Back in early July, I wrote two posts (see here and here) suggesting that if school principals REALLY wanted to see teachers flipping their classrooms, that they should consider flipping their faculty meetings.

My reasoning was simple:  Teachers won’t be convinced that flipping the classroom carries benefits FOR learners until they experience those benefits first-hand AS learners.

Heck – who are we kidding: Teachers won’t be convinced that flipping the classroom is even DOABLE until they experience flipping first-hand — and what better way to expose teachers to a flipped learning environment than to model those environments in our regularly scheduled faculty meetings.

The posts really touched a chord, receiving just over 10,000 page views in a month and sparking a bunch of action on the part of school leaders around the country — including several first-attempts at flipping faculty meetings by folks like ME Steele-Pierce.

I was most jazzed, though, by the packed session on Flipping the Faculty Meeting run by my digital pal Damian Bariexca at Edcamp Leadership.

Not only was Damian surprised by how many school leaders turned up for the conversation, he was blown away by how willing they were to collectively think through the challenges of making flipped faculty meetings a reality.


One of the core questions the group wrestled with over and over again — which Damian attributes to Marc Seigel — was, “What is the most effective use of our time together?”

My answer to that question is a simple one:  When teachers are together, they should be studying the characteristics of effective instruction — and sadly, that hardly EVER happens in traditional faculty meetings.

But it would be a BREEZE in a flipped faculty meeting!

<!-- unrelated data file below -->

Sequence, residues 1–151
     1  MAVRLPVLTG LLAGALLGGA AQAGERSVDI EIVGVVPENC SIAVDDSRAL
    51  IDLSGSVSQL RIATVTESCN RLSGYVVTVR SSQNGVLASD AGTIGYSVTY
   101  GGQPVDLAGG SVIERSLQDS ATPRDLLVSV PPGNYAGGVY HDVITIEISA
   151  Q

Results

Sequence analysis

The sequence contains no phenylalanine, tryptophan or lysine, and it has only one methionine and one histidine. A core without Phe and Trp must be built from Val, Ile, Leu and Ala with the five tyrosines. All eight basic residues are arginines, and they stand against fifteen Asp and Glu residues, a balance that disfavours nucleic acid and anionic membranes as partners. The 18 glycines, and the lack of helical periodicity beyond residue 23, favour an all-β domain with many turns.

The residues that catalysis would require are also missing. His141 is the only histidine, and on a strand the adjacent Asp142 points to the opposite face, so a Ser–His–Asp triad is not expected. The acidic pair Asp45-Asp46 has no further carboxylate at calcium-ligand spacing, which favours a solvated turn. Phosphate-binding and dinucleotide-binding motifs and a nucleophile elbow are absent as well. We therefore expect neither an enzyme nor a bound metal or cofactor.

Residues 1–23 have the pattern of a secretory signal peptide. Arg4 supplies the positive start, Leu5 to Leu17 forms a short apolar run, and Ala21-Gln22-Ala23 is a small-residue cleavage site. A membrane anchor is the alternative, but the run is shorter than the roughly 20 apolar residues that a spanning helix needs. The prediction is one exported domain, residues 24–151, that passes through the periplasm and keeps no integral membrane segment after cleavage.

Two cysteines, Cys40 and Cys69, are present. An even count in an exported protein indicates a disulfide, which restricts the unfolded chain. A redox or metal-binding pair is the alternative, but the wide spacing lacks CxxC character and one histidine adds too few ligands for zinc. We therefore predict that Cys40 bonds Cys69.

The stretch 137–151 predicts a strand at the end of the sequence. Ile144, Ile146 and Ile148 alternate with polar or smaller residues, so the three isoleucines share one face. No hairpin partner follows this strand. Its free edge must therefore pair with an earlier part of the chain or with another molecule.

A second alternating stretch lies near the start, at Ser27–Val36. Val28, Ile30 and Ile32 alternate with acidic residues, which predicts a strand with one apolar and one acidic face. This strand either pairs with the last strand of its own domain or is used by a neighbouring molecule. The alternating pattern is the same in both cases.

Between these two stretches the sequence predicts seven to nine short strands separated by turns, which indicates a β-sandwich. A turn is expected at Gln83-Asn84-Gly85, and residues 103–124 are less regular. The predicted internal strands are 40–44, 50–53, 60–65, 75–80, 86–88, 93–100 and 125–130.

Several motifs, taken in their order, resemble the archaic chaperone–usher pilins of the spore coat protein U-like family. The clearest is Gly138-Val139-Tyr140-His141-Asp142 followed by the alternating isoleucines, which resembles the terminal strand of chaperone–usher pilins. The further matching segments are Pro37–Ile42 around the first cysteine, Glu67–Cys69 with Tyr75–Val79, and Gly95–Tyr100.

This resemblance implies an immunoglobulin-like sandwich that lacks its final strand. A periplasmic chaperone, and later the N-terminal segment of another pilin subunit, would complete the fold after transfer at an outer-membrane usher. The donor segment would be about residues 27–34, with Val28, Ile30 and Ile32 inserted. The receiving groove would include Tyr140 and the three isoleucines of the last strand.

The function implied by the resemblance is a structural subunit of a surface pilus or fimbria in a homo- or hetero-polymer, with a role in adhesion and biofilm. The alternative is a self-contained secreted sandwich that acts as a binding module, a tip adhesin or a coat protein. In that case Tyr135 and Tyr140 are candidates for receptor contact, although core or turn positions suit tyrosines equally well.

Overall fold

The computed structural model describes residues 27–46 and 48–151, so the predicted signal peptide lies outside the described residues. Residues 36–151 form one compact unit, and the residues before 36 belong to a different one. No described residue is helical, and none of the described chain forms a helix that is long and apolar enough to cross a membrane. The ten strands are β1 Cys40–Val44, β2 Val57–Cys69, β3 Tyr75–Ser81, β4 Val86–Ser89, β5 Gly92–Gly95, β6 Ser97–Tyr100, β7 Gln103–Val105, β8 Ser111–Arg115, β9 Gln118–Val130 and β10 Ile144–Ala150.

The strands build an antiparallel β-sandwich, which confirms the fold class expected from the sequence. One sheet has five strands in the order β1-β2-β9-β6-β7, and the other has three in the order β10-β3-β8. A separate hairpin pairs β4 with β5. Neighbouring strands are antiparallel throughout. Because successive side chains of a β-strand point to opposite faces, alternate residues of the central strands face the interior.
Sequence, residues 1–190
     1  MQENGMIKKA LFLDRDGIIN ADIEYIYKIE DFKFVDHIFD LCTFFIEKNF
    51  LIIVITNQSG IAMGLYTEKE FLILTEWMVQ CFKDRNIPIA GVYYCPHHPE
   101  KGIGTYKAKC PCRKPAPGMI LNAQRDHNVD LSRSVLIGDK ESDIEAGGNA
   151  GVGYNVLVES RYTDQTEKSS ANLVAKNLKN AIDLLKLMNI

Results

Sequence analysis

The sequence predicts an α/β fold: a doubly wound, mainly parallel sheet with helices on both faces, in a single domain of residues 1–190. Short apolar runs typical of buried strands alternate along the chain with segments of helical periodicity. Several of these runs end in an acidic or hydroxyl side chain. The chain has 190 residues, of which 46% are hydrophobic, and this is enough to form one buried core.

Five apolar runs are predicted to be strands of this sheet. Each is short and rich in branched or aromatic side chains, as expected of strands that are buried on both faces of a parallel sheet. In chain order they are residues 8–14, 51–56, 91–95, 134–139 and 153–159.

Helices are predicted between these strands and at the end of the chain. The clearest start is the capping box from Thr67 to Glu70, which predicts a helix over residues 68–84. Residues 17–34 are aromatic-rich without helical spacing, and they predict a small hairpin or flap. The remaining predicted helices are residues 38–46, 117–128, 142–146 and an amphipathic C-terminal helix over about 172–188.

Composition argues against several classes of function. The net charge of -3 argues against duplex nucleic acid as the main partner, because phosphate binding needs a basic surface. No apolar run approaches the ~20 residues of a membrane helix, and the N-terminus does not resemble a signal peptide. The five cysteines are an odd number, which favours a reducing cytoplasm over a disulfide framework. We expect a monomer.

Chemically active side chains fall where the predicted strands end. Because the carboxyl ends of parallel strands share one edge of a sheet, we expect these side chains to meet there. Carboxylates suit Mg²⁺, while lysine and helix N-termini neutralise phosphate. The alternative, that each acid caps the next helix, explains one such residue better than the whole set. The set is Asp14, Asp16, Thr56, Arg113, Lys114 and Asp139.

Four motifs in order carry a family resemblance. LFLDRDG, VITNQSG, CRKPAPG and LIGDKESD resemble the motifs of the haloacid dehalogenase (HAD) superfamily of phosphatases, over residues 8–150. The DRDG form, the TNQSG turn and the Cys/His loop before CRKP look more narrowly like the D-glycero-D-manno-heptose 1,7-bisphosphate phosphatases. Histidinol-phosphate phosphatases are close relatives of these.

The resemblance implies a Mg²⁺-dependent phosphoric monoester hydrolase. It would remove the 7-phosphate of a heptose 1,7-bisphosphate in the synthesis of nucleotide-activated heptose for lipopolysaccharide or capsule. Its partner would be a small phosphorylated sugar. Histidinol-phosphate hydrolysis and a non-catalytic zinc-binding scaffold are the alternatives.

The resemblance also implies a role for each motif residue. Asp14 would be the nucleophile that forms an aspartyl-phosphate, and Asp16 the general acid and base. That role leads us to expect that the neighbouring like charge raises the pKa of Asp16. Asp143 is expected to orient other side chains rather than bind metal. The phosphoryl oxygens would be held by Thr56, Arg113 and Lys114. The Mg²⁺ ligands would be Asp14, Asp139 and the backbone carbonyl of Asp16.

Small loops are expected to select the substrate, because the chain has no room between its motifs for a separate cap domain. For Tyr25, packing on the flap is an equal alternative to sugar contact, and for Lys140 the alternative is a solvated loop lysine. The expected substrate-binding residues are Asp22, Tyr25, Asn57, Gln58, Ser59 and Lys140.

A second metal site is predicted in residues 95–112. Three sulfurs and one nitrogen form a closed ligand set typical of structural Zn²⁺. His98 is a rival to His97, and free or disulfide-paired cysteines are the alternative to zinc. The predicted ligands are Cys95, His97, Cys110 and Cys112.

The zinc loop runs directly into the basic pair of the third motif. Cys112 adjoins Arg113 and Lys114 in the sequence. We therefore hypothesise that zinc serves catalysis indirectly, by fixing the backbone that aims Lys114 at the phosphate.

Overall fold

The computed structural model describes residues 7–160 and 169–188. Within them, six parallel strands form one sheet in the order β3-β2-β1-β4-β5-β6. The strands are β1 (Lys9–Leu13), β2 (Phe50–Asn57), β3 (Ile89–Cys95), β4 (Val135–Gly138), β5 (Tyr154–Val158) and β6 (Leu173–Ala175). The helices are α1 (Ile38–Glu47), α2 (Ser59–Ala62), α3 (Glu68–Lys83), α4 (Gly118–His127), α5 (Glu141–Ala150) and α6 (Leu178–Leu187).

So here’s another challenge to school leaders:  Early next year, go to one of your best classroom teachers and record about 15 minutes of one of their lessons.  Capture different moments — maybe the way that they open the lesson or the way that they use higher level questions to challenge their students.

Then, break your video into five-minute segments.  Upload each segment to a different slide in a VoiceThread presentation and then share the final product with your staff at least a week before your next faculty meeting.

Ask your staff to watch the video in advance — either alone or with their learning teams — and to answer the questions in this practice centered observation protocal in comments around the actual VoiceThread slides or on a handout that they’ll be required to turn in.

When you actually gather as a faculty, have teachers work in table groups to reflect on the lesson that they observed.

Encourage them to use the commenting feature of VoiceThread to highlight strengths of the instructional practices that they observed in action. Just as importantly, encourage them to offer suggestions about how the practice can be polished and improved.

By doing so, you’d accomplish a thousand leadership goals, wouldn’t you?

First, you’d be modeling the power of a flipped classroom.  By having teachers consume content and reflect in advance, you’d free time for more powerful conversations when you’re actually in the same room together — which is one of the main advantages of flipping anything.

You’d also be making the kinds of accomplished practices that are common in your building transparent to everyone — something that rarely happens in the sadly isolated reality of most traditional schools — and modeling the kinds of questions that are asked and answered by peers who study practice together.

But most importantly, you’d be reminding your faculty that the time that you spend together should be spent on studying teaching and learning — and THAT’s a message that we ALL need to hear over and over again.

Does any of this make sense?

More importantly, is it actually doable?

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